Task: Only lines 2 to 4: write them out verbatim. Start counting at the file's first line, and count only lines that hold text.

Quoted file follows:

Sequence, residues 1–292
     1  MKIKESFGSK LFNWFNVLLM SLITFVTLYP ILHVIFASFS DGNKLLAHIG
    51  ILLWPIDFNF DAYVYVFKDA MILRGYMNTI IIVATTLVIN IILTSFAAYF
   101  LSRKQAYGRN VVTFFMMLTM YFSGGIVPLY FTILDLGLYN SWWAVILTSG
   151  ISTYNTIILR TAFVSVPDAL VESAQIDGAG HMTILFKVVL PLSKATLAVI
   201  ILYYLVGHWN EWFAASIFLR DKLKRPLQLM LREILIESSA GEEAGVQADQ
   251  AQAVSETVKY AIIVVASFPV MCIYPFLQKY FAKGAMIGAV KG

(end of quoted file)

     1  MKIKESFGSK LFNWFNVLLM SLITFVTLYP ILHVIFASFS DGNKLLAHIG
    51  ILLWPIDFNF DAYVYVFKDA MILRGYMNTI IIVATTLVIN IILTSFAAYF
   101  LSRKQAYGRN VVTFFMMLTM YFSGGIVPLY FTILDLGLYN SWWAVILTSG